Vol 56 No. 10 | Sept. 2004
Psychology’s Strybel to Direct Research Center
Psychology’ professor Tom Strybel is directing the Advanced Air Vehicle/Air Traffic Management Simulation Research Center (AAV/ATM SRC) at CSULB with the support of approximately $200,000 in donations and contracts from The Boeing Company’s Southern California Air Force Systems and Huntington Beach Site organizations.
The award consists of 23 high-end computer workstations, $31,000 in start-up costs and a $48,000 grant for initial simulation projects. AAV/ATM SRC is also receiving specially designed simulation software from the NASA Ames Research Center (estimated at several million dollars in value).
The AAV/ATM Simulation Research Center received its funding last spring, thanks in large part to the efforts of Jack Dwyer, an Associate Technical Fellow at Boeing and part-time lecturer in psychology at CSULB. AAV/ATM SRC will participate in joint air traffic management simulations with Boeing and the NASA Ames Research Center.
“We will be doing unpiloted air vehicle and airspace simulations on the second floor of the psychology building,” said Strybel, who was instrumental in setting up the department’s new master’s program in Human Factors. “One of the reasons the center is here and not in the College of Engineering is the importance of human factor issues in air traffic management. Human factors optimize the relationships between people and machines, and machines can mean anything from books to fighter jets.
"Any place where people interact with technology is the proper subject for human factors application. Students will assist in the operations of the center by learning to perform pilot and air traffic controller tasks and becoming familiar with the human factors issues in these areas, thus preparing them for future positions in aerospace human factors. Our masters’ candidates also will be able to use the center for research and thesis projects when simulations are not being run.”
Exemplifying the type of research the lab will conduct is NASA Ames’ program investigating “Free Flight,” a concept for increasing air capacity.
“It evaluates an increase in air capacity by providing pilots with more information and giving them more responsibility for navigation decisions,” Strybel explained.
“Pilots could use that new information to make decisions that only air traffic controllers can make today, such as a change in flight path or altitude. How will the information be displayed? What happens if they are looking at displays when they ought to be looking out the window?”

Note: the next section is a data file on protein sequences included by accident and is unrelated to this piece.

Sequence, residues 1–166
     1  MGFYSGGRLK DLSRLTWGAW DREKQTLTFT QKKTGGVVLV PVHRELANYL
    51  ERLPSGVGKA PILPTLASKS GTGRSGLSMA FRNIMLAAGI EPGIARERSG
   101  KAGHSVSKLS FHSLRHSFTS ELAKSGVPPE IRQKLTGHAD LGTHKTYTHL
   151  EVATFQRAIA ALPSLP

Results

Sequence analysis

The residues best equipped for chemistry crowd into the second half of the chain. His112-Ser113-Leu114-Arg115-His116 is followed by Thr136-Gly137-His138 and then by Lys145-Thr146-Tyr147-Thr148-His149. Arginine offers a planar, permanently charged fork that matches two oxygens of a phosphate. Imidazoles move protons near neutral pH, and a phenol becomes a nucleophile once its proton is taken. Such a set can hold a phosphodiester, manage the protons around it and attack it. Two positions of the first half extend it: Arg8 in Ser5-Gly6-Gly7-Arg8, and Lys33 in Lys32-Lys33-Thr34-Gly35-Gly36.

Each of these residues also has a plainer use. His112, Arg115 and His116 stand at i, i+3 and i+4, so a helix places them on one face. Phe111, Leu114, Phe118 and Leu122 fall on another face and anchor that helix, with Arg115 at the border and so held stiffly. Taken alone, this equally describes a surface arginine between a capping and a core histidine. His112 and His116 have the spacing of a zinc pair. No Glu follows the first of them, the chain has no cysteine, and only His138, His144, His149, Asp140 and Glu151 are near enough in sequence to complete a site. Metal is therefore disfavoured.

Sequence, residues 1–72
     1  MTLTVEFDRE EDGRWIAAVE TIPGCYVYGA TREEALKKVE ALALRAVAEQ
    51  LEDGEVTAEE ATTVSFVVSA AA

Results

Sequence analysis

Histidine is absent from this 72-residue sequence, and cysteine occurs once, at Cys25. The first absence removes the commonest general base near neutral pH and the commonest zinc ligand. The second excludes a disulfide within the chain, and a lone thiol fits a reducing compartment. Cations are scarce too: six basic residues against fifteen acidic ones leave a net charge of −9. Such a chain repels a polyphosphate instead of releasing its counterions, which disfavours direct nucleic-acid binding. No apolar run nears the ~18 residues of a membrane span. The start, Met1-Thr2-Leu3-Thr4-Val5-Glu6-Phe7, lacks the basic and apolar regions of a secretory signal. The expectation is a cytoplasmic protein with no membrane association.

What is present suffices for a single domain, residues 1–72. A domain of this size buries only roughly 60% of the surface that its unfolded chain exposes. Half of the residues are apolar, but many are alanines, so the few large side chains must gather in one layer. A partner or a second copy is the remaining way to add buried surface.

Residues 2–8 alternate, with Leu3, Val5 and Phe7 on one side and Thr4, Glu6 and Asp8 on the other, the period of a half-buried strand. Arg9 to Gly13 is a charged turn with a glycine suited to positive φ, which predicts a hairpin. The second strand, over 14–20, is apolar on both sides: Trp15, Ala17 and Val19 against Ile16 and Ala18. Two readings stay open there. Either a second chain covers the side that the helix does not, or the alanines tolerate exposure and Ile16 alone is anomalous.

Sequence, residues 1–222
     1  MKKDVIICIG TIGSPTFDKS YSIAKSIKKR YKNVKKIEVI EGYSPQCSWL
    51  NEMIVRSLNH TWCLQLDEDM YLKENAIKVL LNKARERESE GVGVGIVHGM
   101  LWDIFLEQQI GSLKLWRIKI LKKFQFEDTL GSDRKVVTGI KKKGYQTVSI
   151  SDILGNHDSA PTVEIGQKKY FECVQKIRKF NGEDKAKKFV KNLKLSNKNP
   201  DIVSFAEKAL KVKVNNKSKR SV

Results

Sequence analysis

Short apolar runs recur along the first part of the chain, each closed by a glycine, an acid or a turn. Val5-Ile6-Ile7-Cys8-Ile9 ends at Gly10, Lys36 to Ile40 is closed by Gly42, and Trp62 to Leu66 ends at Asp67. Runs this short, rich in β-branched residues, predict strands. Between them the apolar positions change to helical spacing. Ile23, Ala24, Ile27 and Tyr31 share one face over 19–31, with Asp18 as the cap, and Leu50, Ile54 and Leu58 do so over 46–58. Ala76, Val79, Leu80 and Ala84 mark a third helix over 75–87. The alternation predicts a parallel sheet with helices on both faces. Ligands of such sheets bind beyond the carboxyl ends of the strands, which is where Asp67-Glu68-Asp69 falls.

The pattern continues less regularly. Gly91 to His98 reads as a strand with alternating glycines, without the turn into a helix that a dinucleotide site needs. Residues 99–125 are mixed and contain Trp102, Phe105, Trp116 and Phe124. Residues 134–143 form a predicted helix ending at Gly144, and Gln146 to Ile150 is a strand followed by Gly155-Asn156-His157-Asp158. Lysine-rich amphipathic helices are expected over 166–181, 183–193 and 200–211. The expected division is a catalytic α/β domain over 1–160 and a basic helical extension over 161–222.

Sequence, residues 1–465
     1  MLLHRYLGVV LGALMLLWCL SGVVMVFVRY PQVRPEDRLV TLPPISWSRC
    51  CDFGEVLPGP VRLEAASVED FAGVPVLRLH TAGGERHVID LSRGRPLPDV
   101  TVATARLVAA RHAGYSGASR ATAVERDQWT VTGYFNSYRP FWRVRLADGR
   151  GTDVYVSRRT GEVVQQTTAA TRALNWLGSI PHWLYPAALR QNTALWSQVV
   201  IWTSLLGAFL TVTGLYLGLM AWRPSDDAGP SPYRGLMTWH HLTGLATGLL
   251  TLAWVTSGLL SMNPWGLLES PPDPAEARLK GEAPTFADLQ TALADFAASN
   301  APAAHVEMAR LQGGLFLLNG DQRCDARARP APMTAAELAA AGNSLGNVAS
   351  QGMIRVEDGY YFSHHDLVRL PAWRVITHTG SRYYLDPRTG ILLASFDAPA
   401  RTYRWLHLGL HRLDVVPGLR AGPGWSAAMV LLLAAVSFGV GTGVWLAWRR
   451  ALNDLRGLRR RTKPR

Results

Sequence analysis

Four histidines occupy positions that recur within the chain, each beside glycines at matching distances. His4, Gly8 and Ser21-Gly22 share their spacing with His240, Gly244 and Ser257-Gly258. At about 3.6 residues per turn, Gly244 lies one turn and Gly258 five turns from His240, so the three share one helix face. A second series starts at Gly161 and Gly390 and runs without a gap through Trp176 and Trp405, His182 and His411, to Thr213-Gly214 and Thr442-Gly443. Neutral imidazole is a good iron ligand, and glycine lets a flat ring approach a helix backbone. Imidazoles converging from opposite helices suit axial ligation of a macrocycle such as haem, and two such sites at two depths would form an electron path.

The center will explore a world where airports get busier. “If new decision-making technology makes it possible for planes to fly closer and more safely, that means more passengers and more passengers mean more money. The issue is, how close can planes come and still maintain the equivalent levels of flight safety employed today? Everyone hopes that, with new technology and decision aids, the system can become even more efficient.”
New technology will have an immense impact on the air traffic control of tomorrow. “What we’re doing represents a system shift,” he said. “All of a sudden, air traffic controllers might not have sole responsibility.”
While physical workload for 21st century pilots has shrunk, mental workload has not. “Workload is an important issue for both air traffic controllers and pilots,” he said. “Today’s pilots and controllers are carrying heavy cognitive loads. That is especially true during certain portions of the flight such as take-off and landing when there are many aircraft coming together. Measuring that is some of what we’ll do.”
Other issues to be explored include the role of unpiloted aircraft in the skies of the future. “There is interest in allowing unpiloted air vehicles access to commercial air space,” he said. “Thanks to the support of Boeing and NASA Ames, we can explore these issues.”
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